We recently heard from pedalboard builder Mike Vegas of Nice Rack Canada, and he gave us the story behind a challenging job to create a board for a Jazz & Chamber Orchestra guitarist, Rob Piltch. We thought the board turned out great and were intrigued by the nuances and wanted to learn more.
We asked Mike to elaborate a bit more on this unique board.
What needed to be considered when creating this board?
Guitarist Rob Piltch has long been one of Canada’s “A List” players with a decided lean towards very clean sounds that don’t have a lot of extra harmonic reach added through overdrives or distortions. The signal path had to be super transparent to allow the guitar to speak very dynamically with the amp while combining the “colour” of the effects. Due to the super quiet stage volume of the chamber orchestra environment, the signal path and “noise floor” of the system had to be as quiet as possible. Each effect pedal’s mechanical switches had to be quiet as possible as well. In respect to the producer and client relationship that a session player has to maintain we built a rig that has a set up and tear down time of less than 2 minutes.
What did you need to do to address the super quiet environment?
Strymon pedals are shipped from the factory with “soft touch” momentary switches that work very quietly, so we emulated that in each other effect pedal that previously had mechanical switches. We used these “soft touch” momentary switches engaging switching relays we installed in each pedal.
To accommodate producer / client effect requests that fall outside the scope of what the system contains, we built an “external” effects loop with clickless switching between the dynamics and post effects for easy insertion of extra effects into signal path. We also built a clickless clean boost circuit of variable gain from unity to +20db.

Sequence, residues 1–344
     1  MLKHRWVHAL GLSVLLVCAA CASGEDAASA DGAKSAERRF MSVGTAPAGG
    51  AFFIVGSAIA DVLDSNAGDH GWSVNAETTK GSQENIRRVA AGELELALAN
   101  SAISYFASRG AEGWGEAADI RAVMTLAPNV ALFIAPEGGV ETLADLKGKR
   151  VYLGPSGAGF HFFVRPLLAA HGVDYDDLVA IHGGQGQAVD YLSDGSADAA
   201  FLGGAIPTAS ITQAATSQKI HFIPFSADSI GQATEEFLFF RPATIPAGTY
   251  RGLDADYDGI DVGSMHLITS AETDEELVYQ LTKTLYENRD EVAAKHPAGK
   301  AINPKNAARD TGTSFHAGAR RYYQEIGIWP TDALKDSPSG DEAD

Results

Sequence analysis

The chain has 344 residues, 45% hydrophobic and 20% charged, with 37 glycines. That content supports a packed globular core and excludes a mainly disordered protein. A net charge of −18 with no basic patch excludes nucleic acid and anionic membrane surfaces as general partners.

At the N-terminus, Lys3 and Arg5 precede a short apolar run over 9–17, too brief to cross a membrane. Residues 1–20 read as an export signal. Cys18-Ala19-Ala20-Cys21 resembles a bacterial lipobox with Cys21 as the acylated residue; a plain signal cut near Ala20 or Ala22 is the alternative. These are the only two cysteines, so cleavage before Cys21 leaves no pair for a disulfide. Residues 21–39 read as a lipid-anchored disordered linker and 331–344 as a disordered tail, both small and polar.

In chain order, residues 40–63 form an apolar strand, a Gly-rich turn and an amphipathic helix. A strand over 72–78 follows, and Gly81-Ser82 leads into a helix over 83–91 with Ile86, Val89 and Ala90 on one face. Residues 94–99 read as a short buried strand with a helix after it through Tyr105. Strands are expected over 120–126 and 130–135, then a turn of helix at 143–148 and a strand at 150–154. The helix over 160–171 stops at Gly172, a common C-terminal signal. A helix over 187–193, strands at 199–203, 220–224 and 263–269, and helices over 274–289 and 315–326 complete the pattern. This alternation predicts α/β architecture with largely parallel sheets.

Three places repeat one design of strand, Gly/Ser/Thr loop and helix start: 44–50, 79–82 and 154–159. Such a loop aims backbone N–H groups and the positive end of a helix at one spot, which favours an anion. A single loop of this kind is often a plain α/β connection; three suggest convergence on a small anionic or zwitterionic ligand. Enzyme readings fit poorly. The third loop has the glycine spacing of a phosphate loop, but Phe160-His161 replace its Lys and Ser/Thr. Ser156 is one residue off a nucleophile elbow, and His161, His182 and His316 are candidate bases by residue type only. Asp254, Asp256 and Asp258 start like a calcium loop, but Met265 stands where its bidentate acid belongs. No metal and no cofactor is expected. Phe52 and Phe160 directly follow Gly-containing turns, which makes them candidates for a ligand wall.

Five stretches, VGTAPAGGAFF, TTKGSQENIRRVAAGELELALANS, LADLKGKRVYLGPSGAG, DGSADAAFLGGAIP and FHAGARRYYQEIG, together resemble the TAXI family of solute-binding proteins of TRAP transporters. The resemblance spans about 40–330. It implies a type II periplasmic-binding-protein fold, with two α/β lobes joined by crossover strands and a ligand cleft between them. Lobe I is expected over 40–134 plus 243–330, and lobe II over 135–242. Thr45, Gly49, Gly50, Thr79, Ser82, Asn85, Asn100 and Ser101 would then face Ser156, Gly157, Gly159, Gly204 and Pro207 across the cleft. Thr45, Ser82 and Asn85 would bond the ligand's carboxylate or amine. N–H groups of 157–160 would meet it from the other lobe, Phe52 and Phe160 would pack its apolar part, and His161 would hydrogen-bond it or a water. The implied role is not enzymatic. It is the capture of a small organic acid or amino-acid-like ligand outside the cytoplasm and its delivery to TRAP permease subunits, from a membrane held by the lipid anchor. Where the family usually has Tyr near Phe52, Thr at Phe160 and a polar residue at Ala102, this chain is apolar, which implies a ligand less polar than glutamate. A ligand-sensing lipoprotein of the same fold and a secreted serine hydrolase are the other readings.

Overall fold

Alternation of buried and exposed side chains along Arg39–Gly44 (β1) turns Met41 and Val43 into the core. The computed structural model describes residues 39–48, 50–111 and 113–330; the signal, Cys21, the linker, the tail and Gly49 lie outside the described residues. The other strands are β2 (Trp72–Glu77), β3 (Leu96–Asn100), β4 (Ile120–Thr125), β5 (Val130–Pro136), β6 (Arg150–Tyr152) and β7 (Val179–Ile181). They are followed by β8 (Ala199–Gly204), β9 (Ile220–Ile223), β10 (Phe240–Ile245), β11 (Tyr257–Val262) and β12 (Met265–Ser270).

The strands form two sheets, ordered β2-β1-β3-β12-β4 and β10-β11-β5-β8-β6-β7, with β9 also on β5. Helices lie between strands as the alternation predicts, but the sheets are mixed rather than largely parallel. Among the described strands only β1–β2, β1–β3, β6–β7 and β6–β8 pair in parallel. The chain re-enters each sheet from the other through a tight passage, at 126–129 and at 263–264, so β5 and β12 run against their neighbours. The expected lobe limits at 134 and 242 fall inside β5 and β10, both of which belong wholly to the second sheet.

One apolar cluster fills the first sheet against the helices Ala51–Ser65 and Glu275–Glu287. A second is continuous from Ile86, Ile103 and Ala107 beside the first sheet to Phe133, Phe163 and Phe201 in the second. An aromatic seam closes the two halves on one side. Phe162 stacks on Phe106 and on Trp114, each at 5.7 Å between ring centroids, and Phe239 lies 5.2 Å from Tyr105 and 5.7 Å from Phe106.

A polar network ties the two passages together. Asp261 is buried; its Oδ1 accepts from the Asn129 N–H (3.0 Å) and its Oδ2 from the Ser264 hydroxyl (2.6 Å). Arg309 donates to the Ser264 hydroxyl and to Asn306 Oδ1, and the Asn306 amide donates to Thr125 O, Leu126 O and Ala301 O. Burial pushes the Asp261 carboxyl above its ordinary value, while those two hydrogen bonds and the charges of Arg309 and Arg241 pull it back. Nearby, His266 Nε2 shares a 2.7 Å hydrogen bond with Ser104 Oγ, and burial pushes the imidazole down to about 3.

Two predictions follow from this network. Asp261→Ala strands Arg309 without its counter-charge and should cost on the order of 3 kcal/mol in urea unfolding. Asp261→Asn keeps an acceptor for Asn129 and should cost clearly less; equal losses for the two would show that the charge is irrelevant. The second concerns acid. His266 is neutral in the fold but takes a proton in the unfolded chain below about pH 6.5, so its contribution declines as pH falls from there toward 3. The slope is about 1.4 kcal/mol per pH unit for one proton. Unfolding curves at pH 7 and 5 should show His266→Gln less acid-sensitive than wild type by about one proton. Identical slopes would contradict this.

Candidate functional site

What is the signal path?
Guitar » DriveTrain OD » Sans Amp Classic » External Loop » Marshall ED1 Compressor » Nice Rack Canada Clean Boost with 3 outputs. #1 » Tuner #2 » dry feed to Sound Sculpture Volcano & line mixer. #3 » Strymon Mobius (mono in – stereo out) » Boss FV500L stereo volume & expression pedal » Strymon TimeLine » RJM Music Mini line mixer combining 100% wet effects with 100% dry signal to create a parallel “50/50″ blend of wet & dry signal into the left & right Fender Princeton Reverb amps. The expression pedal jack on the FV500L is connected to the Sound Sculpture Volcano which acts as volume pedal for the dry signal from the Clean Boost into the line mixer.
The Clean Boost’s buffered split to send signal to tuner constantly, provides a visual “cheat” for hitting certain intervals on a pitch bend, also allows for volume swelling a bent note while coming in on pitch with other players. We included switching circuit to sum stereo effects to mono for single amp gigs, no re-patching, no signal loss, no phase issues.
We also sync’d tap tempo from TimeLine to Mobius.
Why does set up and tear down need to be so fast?